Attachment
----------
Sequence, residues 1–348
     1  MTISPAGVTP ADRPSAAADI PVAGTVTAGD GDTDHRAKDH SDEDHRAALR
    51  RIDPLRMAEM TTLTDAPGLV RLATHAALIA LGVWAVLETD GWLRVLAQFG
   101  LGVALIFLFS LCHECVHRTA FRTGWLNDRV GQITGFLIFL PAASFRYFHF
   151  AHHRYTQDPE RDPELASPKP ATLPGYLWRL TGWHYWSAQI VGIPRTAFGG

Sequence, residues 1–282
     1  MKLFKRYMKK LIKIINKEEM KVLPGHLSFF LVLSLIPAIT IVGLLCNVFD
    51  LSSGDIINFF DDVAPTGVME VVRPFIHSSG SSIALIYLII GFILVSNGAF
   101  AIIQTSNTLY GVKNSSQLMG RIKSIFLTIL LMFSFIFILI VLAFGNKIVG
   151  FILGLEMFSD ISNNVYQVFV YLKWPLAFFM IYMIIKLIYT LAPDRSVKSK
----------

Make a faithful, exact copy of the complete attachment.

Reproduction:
Sequence, residues 1–348
     1  MTISPAGVTP ADRPSAAADI PVAGTVTAGD GDTDHRAKDH SDEDHRAALR
    51  RIDPLRMAEM TTLTDAPGLV RLATHAALIA LGVWAVLETD GWLRVLAQFG
   101  LGVALIFLFS LCHECVHRTA FRTGWLNDRV GQITGFLIFL PAASFRYFHF
   151  AHHRYTQDPE RDPELASPKP ATLPGYLWRL TGWHYWSAQI VGIPRTAFGG

Sequence, residues 1–282
     1  MKLFKRYMKK LIKIINKEEM KVLPGHLSFF LVLSLIPAIT IVGLLCNVFD
    51  LSSGDIINFF DDVAPTGVME VVRPFIHSSG SSIALIYLII GFILVSNGAF
   101  AIIQTSNTLY GVKNSSQLMG RIKSIFLTIL LMFSFIFILI VLAFGNKIVG
   151  FILGLEMFSD ISNNVYQVFV YLKWPLAFFM IYMIIKLIYT LAPDRSVKSK